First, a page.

“In order to transform publishing into a less crisis-bound, short-term-oriented system, we must end capitalism,” according to Andrew Goldstone’s—and my—friend, Colin Gillis, a member of the staff collective at the radical co-op, Rainbow Bookstore, located in Madison, WI. Ending capitalism to fix publishing: this is a tall order indeed, but the decisiveness of Colin’s claim gets us thinking in the right direction. For as I suggested in a previous Arcade post, the problems that plague trade publishing are, by John Thompson’s fascinating sociological account in Merchants of Culture, larger than any individual editor, imprint, or company. Many people of good faith—with excellent intentions and impeccable taste – work in the field, but sort-termism, the increasing emphasis on frontlists at the expense of backlists, the escalating allocation of marketing resources to unproven Big Books over myriad worthy Medium-Sized and Small Books by established authors: the forces compelling these changes are now built into the very fabric of how the Big Six do business.
In this post, I want to explore alternatives for the current publishing system—of agents, publishers, distributors—that might make publishing slightly more humane, slightly more rational, but which admittedly fall short of the abolition of capitalism as such. In making this argument, I also wish to avoid nostalgically valorizing the modernist age of publishing, a mistake Andrew discusses in this excellent post. In imagining the future of publishing, we shouldn’t look backwards but forward – and to either side to alternate systems that exist in other countries, systems that operate within a framework of state-regulated capitalism not unlike our own.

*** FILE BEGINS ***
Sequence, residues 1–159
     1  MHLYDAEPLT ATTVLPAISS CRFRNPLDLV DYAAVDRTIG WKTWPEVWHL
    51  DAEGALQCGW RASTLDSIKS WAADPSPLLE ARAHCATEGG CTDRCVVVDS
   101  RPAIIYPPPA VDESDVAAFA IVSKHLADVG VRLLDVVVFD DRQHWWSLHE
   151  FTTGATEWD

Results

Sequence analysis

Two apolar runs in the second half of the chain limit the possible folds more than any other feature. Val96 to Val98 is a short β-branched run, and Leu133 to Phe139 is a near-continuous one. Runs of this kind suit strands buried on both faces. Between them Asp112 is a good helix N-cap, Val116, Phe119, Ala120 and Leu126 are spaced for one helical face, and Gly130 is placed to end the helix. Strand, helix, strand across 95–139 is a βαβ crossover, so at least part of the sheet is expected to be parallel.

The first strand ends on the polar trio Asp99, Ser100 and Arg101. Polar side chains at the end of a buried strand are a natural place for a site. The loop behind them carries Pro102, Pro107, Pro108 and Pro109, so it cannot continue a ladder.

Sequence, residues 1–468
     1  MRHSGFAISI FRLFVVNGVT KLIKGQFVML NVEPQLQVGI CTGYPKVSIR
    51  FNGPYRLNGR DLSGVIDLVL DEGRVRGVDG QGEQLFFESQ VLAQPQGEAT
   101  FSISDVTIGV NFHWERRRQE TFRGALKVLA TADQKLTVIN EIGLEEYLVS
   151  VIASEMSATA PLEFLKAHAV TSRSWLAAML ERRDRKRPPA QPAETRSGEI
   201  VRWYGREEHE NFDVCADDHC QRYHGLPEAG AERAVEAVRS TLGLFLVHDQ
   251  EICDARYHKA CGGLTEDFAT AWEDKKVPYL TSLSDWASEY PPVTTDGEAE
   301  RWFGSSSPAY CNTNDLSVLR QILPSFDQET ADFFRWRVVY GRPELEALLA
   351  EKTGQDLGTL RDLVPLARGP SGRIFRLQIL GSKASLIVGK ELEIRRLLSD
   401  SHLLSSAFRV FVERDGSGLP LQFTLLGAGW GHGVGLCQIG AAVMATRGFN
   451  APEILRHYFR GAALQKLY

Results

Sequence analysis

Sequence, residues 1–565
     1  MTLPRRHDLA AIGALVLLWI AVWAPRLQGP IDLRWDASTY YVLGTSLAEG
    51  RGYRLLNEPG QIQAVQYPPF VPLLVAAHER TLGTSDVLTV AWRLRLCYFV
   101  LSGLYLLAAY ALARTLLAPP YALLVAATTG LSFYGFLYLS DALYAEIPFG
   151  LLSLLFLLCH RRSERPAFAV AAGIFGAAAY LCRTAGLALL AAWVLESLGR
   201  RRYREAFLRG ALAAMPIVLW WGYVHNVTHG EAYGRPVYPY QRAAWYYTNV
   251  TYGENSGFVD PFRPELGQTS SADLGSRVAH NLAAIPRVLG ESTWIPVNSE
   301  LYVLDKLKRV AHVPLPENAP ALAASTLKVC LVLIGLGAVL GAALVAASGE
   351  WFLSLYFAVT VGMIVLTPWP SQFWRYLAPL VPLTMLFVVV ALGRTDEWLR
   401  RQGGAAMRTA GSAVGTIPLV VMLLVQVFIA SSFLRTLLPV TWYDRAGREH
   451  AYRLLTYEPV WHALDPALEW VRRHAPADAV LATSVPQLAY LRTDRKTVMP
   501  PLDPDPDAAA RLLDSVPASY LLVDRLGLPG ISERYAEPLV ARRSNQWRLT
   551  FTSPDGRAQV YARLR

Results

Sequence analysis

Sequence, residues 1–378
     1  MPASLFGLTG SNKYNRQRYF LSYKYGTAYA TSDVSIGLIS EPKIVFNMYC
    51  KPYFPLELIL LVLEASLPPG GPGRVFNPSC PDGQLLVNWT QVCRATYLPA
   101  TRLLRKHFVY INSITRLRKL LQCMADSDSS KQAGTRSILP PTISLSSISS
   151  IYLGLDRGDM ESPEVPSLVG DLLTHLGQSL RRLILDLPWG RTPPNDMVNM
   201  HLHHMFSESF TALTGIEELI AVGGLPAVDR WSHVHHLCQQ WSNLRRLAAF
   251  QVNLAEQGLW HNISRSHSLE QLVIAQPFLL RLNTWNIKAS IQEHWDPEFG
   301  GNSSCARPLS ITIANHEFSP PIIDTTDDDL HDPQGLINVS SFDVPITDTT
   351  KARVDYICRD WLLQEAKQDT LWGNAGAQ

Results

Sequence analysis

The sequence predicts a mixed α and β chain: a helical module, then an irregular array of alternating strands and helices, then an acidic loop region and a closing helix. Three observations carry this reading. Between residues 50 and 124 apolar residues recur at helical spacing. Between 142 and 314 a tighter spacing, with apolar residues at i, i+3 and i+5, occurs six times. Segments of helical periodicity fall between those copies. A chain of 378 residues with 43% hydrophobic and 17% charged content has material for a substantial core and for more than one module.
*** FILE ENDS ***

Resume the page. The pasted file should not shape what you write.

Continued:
I will take for granted that the purpose of a trade publishing system is to connect writers with readers. The nature of these readers and writers is a complicated question, one which I have tried to address across numerous previous posts, which argue that reader demand doesn’t emerge from the ether but is constructed through a host of educational and economic processes. Let's put that complexity to one side for now. The portrait of publishing Thompson creates is both less apocalyptically dire than is often claimed and much more depressing than one might expect. The industry is, by some measures, healthy. More books are being published than ever before. There is, as Thompson describes it, a “diversity of output.” But despite this there has been a marked decrease in the “diversity of market.” The causes of this decline in the diversity of market are complex, and differ in the US and the UK, but can be nicely summed up in this diagram that Thompson gives us near the end of his book.
Thompson here identifies the major structural problems that publishers face, pressures on the bottom line from two directions: on the one side, from retailers, who increasingly want a relatively small number of titles that sell very quickly. On the other side, from agents, who keep the very tiny cohort of profitable literary brands under tight control, forcing publishers to offer outrageous advances, most of which will never be recouped. Writing of anti-price discrimination laws in the US, discussing the difference pressures on publishers in the US and the UK, Thompson explains:
the Robinson-Patman Act greatly reduces the scope for retailers to negotiate special terms, since additional discount given to one retailer would, by law, have to be given to all retailers in the same class. The result is that discounts in the US tend to remain relatively stable and have fluctuated very little over time. In the UK, by contrast, the downward pressure on publishers’ margins stems primarily from the escalating discounts that have followed the demise of the Net Book Agreement. In the absence of anything comparable to the Robinson-Patman Act, the most powerful retailers are able to use their market muscle to extract higher discounts from publishers, and are able to play publishers off against one another for access to the limited number of high-visibility, high-velocity retail spaces they make available for books.